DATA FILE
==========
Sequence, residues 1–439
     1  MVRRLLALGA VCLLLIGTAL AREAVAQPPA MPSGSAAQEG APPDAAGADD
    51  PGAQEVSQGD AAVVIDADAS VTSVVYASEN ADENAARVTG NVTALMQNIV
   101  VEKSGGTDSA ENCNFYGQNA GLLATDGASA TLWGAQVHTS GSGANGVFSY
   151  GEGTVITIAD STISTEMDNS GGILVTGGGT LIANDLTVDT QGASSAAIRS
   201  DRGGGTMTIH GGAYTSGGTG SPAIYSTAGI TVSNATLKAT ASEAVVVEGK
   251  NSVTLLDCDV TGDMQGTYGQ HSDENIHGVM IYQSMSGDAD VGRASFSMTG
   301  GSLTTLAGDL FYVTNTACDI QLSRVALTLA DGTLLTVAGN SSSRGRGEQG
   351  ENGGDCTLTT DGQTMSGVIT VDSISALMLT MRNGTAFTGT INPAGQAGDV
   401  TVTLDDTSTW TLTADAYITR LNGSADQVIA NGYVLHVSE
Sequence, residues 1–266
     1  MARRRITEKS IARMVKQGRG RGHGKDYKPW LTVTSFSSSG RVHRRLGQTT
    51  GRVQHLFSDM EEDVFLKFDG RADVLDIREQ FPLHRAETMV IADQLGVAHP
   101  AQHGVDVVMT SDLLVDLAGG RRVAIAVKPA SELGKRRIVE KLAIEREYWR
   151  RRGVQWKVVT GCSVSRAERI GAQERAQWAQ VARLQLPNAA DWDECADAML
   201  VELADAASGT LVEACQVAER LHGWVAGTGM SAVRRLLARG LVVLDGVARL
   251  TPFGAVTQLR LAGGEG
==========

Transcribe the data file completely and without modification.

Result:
Sequence, residues 1–439
     1  MVRRLLALGA VCLLLIGTAL AREAVAQPPA MPSGSAAQEG APPDAAGADD
    51  PGAQEVSQGD AAVVIDADAS VTSVVYASEN ADENAARVTG NVTALMQNIV
   101  VEKSGGTDSA ENCNFYGQNA GLLATDGASA TLWGAQVHTS GSGANGVFSY
   151  GEGTVITIAD STISTEMDNS GGILVTGGGT LIANDLTVDT QGASSAAIRS
   201  DRGGGTMTIH GGAYTSGGTG SPAIYSTAGI TVSNATLKAT ASEAVVVEGK
   251  NSVTLLDCDV TGDMQGTYGQ HSDENIHGVM IYQSMSGDAD VGRASFSMTG
   301  GSLTTLAGDL FYVTNTACDI QLSRVALTLA DGTLLTVAGN SSSRGRGEQG
   351  ENGGDCTLTT DGQTMSGVIT VDSISALMLT MRNGTAFTGT INPAGQAGDV
   401  TVTLDDTSTW TLTADAYITR LNGSADQVIA NGYVLHVSE
Sequence, residues 1–266
     1  MARRRITEKS IARMVKQGRG RGHGKDYKPW LTVTSFSSSG RVHRRLGQTT
    51  GRVQHLFSDM EEDVFLKFDG RADVLDIREQ FPLHRAETMV IADQLGVAHP
   101  AQHGVDVVMT SDLLVDLAGG RRVAIAVKPA SELGKRRIVE KLAIEREYWR
   151  RRGVQWKVVT GCSVSRAERI GAQERAQWAQ VARLQLPNAA DWDECADAML
   201  VELADAASGT LVEACQVAER LHGWVAGTGM SAVRRLLARG LVVLDGVARL
   251  TPFGAVTQLR LAGGEG